Two weeks ago I was in London to see Hamlet at the Barbican (which was amazing, by the way), and I took the opportunity to visit the Crime Museum Uncovered exhibition at the Museum of London – MoL always do strong exhibitions and I’ve been fascinated by the Crime Museum for years. Yes, I am a horror writer and I specialise in the Gothic, but horror and true crime can be frequent bedfellows, and sadly reality is often more horrifying than fiction.
But what is the Crime Museum?
Glad you asked.
The Crime Museum was established in 1875 after legislation was introduced that required the Metropolitan Police to store the belongings of prisoners while they were being detained. Unclaimed items were absorbed into the collection, and eventually it became a teaching tool used in the training of new officers. Aside from the two world wars, the Museum’s visitor book has been open since 1877.
The Museum is usually only accessible to police professionals and specially invited guests, so the contents of the Museum have remained somewhat mysterious since its inception. Known colloquially as the Black Museum, due to what people assumed would lie within, it even inspired Horrors at the Black Museum in 1959, a British horror film starring Michael Gough. If you haven’t seen it, it’s actually worth a watch, and it in itself forms an interesting addition to the debates surrounding horror film censorship.
What’s actually in the exhibition?
The curators, working with the Metropolitan Police Service and the Mayor’s Office for Policing And Crime (MOPAC), have collected objects and evidence from a host of notorious crimes, including murder weapons, clues, and items that have led to the development of the forensic sciences. The Museum of London have worked closely with the independent London Policing Ethics Panel to plan this exhibition, and aside from the panels dedicated to the policing of terrorism, none of the cases are more recent than 1975 in an attempt to protect the families of any victims.
The exhibition is divided into two halves. The first section takes the form of a Victorian cabinet of curiosities, displaying those items from 1875 to 1905. You can see death masks from Newgate Prisons, ropes used on the gallows, ephemera associated with criminals, and the entirety of the Museum’s collection relating to Jack the Ripper (clue: it’s not as much as you might think).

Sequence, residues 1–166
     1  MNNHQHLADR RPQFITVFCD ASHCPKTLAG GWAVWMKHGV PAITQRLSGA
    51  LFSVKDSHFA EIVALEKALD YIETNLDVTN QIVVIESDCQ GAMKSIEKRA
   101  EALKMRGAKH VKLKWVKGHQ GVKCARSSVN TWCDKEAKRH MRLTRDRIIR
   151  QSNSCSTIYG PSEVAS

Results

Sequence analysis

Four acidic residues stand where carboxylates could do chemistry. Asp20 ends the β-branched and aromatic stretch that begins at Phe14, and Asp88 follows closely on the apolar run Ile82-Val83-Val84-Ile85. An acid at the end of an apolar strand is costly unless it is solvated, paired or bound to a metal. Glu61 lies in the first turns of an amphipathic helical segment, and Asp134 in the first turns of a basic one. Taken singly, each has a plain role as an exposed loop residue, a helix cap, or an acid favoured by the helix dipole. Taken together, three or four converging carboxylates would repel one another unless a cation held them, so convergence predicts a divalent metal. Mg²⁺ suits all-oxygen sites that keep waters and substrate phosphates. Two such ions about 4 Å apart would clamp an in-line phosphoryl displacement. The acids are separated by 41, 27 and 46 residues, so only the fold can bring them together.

The second section features twenty five individual cases from 1905 to 1975, including Dr Crippen, the Sidney Street Siege, John Haigh, Ruth Ellis, and the Krays. It also features items from the Museum that could have come from a Bond film, including microdots and a shotgun disguised as an umbrella, as well as the challenges facing modern policing.
Isn’t that a bit morbid?
Yes and no. I found the whole thing fascinating from the viewpoint of the ways in which these cases helped the development of the forensic sciences. You can remain respectful of the victims and their families while appreciating the massive strides forward taken by the detectives in their respective eras. Fingerprint analysis, blood spatter analysis and other forms of detection that are now commonplace all found their origins here. Without these advancements, more murderers would doubtless go free.
That said, I found the number of tourists pronouncing things to be “cool” or “awesome” to be disrespectful. You’re looking at a pair of tights that were used to choke the life out of an innocent woman – that is not cool. What you’re actually looking at is the most base tendencies of the human mind, and the primitive current of violence that bubbles beneath our thin veneer of civilisation. Not awesome at all.
Is it any good?
A resounding ‘yes’. My only criticism is the layout of the first section; the museum provide an information sheet designed like a newspaper to explain what you’re looking at and it created bottlenecks where visitors were crowded around cases, unable to see what was in them as they were blocked by people waving the newspapers around. Perhaps managing the flow of people would help, or maybe it would be better to go at a different time of day – after all, I’d gone on the first day of half term.
The exhibition is sensitive towards its contents, and it provides an interesting insight into the history of crime detection, as well as a loose history of the justice system. It steers clear of ghoulish sensationalism, remaining objective and respectful at all times. The copy that accompanies each case is calm and measured, and places as much emphasis on the victim as it does on the perpetrator, never glorifying their acts of violence.
Curated by Julia Hoffbrand and Jackie Keily, it follows the Jack the Ripper (2008), Dickens and London (2011) and Sherlock Holmes (2014) exhibitions in exploring the darker side of London, and in this it forms an interesting companion piece – just how advanced is modern society, and are we any further away from crime than we were in 1888?
I want to go! When is it on, and how much is it?
The Crime Museum Uncovered runs from 9 October 2015 – 10 April 2016 and is accompanied by a programme of talks and events. Tickets available from £12.50 online; £15 on the door. Wednesdays only; tickets from £10.